What is not shown on this slide is really the six
step of the process, which is assessing
information protection requirements from a success perspective. And so when we do that assessment, we're gonna talk about that in the process. That assessment is incredibly important because throughout the course of this process, and I really see the systems engineering process and the process is here as iterative,
we can stop at any point. It's like if you were in the military and you've ever you know, fired a weapon on a range.
Anybody? Everybody's arranged safety officer and can call. Ah, check fire. Well, guess what?
Um yes, es and s Cesaire very much like that throughout the design and development of a system they can say Hold, hold, hold. Hold on just a second. We need to relook that requirement because it is causing undue risk or causing a problem from a design perspective. And so you as an ISI or as an scr, very much an advocate
for doing things right up front
because ultimately reduces costs versus trying to build in security at the back end
security design principles. There's a lot to unpack here, and I'm not going to hang out
on and spend a lot of time on each one of these. But there are three that I want you to really think about.
One is simplest solution.
As an ISI,
you don't want to walk in with the most exotic solution ever to solve a problem such as locking a door.
A simple deadbolt might suffice.
Uh, you probably don't necessarily need to have the internet connected I ot locking thing. If all you need to do is lock your door and feel secure. So simple. A solution is always best from a security perspective. The Mawr complex. We make our systems, the more likely there is to be a vulnerability that can be exploited by a threat. Active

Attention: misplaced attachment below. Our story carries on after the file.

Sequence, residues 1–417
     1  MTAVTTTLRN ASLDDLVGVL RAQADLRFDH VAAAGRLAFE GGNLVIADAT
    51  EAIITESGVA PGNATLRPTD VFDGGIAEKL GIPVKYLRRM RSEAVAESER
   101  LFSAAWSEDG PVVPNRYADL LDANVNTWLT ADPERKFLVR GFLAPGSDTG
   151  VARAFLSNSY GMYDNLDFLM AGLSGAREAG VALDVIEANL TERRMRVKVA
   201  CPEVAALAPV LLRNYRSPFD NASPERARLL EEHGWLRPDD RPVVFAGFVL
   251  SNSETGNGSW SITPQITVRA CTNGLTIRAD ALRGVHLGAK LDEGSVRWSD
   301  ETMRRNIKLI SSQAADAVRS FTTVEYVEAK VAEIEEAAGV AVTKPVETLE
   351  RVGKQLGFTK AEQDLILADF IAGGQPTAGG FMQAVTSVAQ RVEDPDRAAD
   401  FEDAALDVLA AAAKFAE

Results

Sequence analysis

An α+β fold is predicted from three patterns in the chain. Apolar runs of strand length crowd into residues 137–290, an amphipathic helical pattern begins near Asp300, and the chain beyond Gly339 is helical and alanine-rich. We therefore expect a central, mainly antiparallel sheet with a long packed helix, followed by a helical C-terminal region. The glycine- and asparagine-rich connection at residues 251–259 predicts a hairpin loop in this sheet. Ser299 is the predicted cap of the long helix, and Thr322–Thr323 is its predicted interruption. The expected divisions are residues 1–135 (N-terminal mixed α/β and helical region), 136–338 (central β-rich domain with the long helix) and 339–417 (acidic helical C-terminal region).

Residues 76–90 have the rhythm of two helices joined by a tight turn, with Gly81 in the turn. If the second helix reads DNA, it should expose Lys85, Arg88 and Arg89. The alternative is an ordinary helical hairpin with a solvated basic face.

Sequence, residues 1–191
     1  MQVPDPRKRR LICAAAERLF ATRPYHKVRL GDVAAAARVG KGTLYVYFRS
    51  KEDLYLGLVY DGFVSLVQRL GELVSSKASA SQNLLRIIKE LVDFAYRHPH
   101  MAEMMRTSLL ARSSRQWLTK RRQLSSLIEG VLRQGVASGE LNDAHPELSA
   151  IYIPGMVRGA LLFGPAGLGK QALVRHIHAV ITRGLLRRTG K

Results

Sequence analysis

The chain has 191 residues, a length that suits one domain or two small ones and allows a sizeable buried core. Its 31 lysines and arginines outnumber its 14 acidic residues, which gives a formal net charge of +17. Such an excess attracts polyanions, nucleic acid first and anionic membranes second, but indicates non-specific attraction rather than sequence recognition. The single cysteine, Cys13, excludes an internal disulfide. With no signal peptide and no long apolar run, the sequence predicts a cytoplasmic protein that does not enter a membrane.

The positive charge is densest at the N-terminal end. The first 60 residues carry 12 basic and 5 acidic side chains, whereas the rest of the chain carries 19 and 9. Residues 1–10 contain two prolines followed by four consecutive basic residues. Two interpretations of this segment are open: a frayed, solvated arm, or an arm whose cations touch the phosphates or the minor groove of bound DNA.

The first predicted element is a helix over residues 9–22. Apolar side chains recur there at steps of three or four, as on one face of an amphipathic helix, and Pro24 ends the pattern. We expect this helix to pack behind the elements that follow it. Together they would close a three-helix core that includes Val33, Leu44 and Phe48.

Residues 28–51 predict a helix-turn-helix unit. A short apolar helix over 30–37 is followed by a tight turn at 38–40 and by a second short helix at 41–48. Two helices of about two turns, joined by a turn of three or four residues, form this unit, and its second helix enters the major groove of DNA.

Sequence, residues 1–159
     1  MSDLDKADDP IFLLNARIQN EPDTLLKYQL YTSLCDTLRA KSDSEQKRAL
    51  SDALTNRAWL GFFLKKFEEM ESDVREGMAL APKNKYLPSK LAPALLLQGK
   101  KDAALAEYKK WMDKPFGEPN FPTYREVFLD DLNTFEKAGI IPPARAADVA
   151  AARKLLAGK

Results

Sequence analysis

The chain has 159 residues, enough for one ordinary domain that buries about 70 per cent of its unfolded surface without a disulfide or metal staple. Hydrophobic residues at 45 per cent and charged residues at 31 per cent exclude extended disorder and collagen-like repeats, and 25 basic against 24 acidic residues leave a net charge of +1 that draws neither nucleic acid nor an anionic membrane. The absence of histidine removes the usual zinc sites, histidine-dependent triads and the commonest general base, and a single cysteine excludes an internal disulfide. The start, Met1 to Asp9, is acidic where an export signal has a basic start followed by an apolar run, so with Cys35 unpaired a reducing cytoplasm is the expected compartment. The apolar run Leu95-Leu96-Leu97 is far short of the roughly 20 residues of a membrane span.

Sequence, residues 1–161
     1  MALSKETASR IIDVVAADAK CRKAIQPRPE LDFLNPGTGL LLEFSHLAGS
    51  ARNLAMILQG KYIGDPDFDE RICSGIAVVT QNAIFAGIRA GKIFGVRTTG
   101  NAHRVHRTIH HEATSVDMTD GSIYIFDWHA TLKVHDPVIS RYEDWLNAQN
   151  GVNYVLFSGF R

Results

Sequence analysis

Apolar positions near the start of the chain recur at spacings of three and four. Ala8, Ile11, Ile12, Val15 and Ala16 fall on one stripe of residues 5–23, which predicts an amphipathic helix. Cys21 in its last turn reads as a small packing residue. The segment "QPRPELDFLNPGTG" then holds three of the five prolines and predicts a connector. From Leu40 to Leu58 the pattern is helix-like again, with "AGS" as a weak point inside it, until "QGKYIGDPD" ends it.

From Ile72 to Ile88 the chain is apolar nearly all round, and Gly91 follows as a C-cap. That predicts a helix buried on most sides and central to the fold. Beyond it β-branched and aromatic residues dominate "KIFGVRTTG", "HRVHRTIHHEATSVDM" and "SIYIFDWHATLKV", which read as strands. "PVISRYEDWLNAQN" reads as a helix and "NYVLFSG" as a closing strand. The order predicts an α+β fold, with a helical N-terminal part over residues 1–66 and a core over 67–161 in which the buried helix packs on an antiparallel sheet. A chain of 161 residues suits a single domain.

second one, I want you to think about his obscurity. It is not a method. Please, please, please don't put systems onto the Internet on assigned them an i p address. And don't dio DNA's mapping and think that you're secure. Obscurity is not that method. I have worked with organizations that believe that was the case, and it took me all of 10 minutes to discover
their networks and show it to them and have them freak out.
So obscurity is never method.
And then the last one we want to talk about real briefly is least privilege, right? We as engineers. Right. Um, in many cases, ourselves want to have access to everything so we could do all the things.
Please don't. Please don't be one of those engineers. The things you need to have being Adminis system administrator. You don't, um, nor do your users, right. Please. As you design systems, you need to design with the ability to support least privilege. If you don't again, same kind of thing. You're going to leave yourself open to a breach or an exposure. If
if something happens to a system and they get two and a user account
that has all the keys to the kingdom that should have never had those kinds of access is so least privileges incredibly important from a security design
So what do we look at in this lesson in some of our foundational stuff? We talked about C t A zero trust architecture and why that's important. Trust nothing. We talked about the hierarchy of trust
Aziz ur prepping for the S IP exam. I highly encourage you to go back and look at the e a l the evaluation assurance levels.
We compared systems, engineering and information systems security engineering. If there's a chart you should memorize in this particular lesson, that's it. You need to be able to
draw that chart out. Uh, from a standpoint of,
you know, needs requirements, architectural design on, then implementation, then ultimately assessment. You need to be able to draw that from memory when you sit down and take your example
and last we reviewed the security design principles. Clearly not an exhaustive list, but, ah, lot of those that you need to understand as an ISI, because they are very important. And, Oh, by the way, if you don't do some of those correctly, you are leaving yourself up to a breach.
We'll see you next time.